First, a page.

Italy expelled two Russian diplomats on accusations of espionage on Wednesday after investigators say they observed an Italian Navy official giving the envoys classified documents in exchange for money.
The Italian official, assigned to a Defense Ministry department dealing with national security and foreign relations, handed over classified documents to a Russian envoy in a Rome parking lot on Tuesday night, the carabinieri, Italy’s national military police, said in a statement. Italy’s intelligence services had raised concern over the officials, investigators said, prompting them to be placed under surveillance.
The two were charged with “serious crimes tied to spying and state security,” the carabinieri said, prompting outrage among lawmakers in Rome and leading Italy’s foreign minister to order the immediate expulsion of the Russian envoy and another diplomat, both military officials.
Investigators said that the Italian official, identified as Capt. Walter Biot, had accepted 5,000 euros, about $5,800, and handed over images of classified documents on a USB stick. Mr. Biot, a 56-year-old expert in fighter jets, had worked in the Defense Ministry’s press office in the past.
The police said they also retrieved secret NATO documents believed to have been handed over to the Russians in previous meetings with Mr. Biot. The Russian envoys were not identified by name, and the role of the second diplomat was not immediately clear.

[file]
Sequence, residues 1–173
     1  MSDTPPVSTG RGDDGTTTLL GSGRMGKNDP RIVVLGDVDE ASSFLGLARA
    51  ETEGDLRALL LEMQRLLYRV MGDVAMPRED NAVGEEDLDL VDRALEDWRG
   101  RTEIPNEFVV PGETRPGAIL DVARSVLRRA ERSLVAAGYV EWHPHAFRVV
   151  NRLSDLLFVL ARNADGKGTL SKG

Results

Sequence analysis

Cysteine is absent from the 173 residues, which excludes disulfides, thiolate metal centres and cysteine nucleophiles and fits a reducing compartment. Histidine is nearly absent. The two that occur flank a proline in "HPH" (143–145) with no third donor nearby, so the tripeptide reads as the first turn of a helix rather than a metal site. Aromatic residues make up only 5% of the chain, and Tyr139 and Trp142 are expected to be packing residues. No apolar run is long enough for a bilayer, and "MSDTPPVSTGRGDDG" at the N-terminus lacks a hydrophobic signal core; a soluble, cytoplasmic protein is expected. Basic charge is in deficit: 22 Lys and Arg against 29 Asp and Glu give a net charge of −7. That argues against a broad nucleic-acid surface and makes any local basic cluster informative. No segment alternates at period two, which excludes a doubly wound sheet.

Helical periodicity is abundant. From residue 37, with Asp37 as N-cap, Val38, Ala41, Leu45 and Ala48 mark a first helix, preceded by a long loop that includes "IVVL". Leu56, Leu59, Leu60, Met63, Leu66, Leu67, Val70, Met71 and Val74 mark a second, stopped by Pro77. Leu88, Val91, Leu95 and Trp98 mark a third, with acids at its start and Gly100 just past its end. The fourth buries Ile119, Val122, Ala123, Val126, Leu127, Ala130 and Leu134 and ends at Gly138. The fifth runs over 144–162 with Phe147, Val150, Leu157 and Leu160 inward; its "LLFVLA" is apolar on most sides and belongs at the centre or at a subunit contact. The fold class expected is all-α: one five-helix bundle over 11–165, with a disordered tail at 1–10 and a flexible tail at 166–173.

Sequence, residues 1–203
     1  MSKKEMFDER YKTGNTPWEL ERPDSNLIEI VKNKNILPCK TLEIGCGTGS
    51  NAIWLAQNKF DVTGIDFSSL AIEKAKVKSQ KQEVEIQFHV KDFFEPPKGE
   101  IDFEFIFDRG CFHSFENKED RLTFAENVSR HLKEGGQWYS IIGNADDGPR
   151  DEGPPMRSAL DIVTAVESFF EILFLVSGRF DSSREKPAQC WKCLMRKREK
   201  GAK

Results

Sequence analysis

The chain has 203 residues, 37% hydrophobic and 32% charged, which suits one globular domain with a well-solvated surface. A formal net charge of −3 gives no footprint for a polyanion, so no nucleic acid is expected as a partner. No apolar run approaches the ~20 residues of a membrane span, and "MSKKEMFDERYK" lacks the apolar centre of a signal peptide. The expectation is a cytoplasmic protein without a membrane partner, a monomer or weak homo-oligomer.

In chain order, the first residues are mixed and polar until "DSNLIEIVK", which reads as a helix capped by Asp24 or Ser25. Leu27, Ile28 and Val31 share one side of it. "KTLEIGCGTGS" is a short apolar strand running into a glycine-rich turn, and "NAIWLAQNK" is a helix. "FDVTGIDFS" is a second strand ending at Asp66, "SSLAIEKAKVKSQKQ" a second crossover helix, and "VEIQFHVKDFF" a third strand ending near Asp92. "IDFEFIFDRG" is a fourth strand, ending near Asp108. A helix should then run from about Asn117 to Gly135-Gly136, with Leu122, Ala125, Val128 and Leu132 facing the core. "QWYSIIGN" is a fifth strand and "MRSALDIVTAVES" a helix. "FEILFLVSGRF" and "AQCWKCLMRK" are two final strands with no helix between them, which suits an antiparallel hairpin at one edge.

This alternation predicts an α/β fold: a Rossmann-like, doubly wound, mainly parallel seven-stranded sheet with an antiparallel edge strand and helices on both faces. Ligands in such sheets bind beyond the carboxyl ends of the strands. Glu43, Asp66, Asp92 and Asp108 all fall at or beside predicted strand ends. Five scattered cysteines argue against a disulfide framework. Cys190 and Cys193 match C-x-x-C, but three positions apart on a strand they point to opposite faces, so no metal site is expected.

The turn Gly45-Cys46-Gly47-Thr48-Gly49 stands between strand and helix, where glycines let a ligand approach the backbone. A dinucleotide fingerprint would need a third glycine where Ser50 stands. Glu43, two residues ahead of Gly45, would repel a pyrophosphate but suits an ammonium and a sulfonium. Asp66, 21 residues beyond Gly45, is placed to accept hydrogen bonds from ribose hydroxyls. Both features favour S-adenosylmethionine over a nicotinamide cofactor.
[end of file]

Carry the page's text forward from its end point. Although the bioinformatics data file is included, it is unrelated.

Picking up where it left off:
Neither Italian nor Russian officials indicated that their response to the episode would escalate.
“We will continue acting in line with our geopolitical position and our values,” Luigi Di Maio, Italy’s foreign minister, told senators on Wednesday. “But also safeguarding our fundamental interests, which require us to maintain a critical but constructive interlocution with Russia and China.”
The Russian Embassy in Rome said in a statement that it considered it “inappropriate” to comment, but said it hoped the case would “not impact on the bilateral relationship” between Russia and Italy.
In Russia, the official reaction was also low key, suggesting the Kremlin had no intention of playing up the incident.
A Russian lawmaker, Leonid Slutsky, who is chairman of Parliament’s international affairs committee, said his country would retaliate, the Interfax news agency reported. But the Kremlin spokesman, Dmitri S. Peskov, told journalists in a conference call that Russia hoped to maintain good relations with Italy despite the incident.
Andrew E. Kramer contributed reporting from Moscow.